Can you, as a bank executive, be held criminally liable for failing to correct information in the marketplace, even when your bank's financial statements are accurate?

Most of us would assume the answer to that question is a resounding "no." But the Department of Justice just tried — and failed — to hold an executive criminally liable in a similar situation. While the trial court and appeals court both correctly rejected the DOJ's novel theories of liability, this case demonstrates the lengths to which the government will go in the current enforcement environment to hold corporate officers liable for perceived misstatements made on behalf of companies.

In United States of America v. Schiff, the government indicted two former high-ranking executives in a pharmaceutical company who allegedly participated in a scheme to encourage wholesale purchasers to acquire excess inventory. According to the government, the pharmaceutical company eventually recognized that the wholesale purchasers' inventory had exceeded "desirable" levels and, as a result, the company's prior sales estimates had been overstated. When the company announced that it had determined its prior sales estimates were "dramatically offtrack," the market responded with a stock drop of 14.7%.

The U.S. Court of Appeals for the Third Circuit found that the government introduced "new legal theories" that appeared designed to find "creative" ways to hold the former executives liable, even though, by the government's own admission, the company's SEC filings contained no affirmative misstatements.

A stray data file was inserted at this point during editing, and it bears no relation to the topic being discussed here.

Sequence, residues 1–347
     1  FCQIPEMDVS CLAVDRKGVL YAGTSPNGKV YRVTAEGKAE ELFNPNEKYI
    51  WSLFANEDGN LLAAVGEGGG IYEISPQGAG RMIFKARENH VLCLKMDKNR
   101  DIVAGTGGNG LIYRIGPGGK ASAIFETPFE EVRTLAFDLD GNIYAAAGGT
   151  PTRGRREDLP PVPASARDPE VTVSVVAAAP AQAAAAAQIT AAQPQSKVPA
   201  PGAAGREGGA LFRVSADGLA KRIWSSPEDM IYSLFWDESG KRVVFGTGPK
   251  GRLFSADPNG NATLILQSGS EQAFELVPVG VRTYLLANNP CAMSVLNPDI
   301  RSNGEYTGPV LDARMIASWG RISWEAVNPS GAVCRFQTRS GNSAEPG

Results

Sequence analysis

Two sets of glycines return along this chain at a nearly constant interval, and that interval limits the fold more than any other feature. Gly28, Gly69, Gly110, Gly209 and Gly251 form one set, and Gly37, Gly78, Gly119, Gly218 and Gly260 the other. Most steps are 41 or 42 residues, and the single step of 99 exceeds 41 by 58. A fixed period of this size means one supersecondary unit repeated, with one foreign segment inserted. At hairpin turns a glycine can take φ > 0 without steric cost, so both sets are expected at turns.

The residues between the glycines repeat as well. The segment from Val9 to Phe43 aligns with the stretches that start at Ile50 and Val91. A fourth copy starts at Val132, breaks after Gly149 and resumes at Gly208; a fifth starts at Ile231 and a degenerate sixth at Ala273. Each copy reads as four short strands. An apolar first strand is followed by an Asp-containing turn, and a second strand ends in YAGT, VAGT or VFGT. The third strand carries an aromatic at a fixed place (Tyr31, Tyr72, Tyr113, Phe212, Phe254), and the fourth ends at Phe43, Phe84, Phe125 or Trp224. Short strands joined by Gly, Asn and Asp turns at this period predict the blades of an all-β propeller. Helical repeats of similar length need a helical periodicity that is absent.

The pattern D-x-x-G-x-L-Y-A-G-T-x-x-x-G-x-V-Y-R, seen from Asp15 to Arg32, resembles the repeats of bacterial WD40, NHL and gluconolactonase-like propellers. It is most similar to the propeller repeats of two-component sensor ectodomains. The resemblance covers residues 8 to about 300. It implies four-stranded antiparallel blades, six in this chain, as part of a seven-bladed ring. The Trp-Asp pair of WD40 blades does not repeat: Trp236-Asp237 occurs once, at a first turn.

As a result, the government eventually settled on attempting to hold the former executives liable for omissions. The government alleged that one of the former executives should have corrected statements in analyst calls and that the executive's duty to make these corrections arose out of a general fiduciary obligation of "high corporate executives." The court rejected this view as too far-reaching, and held that the antifraud provisions of the federal securities laws "do not contemplate the general failure to rectify the misstatements of others."

In addition to rejecting liability for a failure to correct, the court also held that the executive could not be held liable for a failure to update. Courts traditionally have viewed the duty to update narrowly, and as applying only where there are "fundamental changes" in a company? such as a merger, liquidation or takeover attempt? or when subsequent events produce an "extreme" or "radical change" in the continuing validity of an initial statement.

In this case, the court held those statements "do not come close to fitting within the narrow range of this duty."

This decision shows how aggressively the government — both the DOJ and the SEC — is attempting to hold corporations and individuals liable for what it believes is securities fraud. While Schiff involves executives at a pharmaceutical company, the government's theory of liability could just as easily have been applied to other industries, including banking: the government could have alleged that aggressive lending practices systematically overstated revenues.

Perhaps now, as a consequence of this decision, the government might justifiably pause before attempting to expand liability under the federal securities laws.

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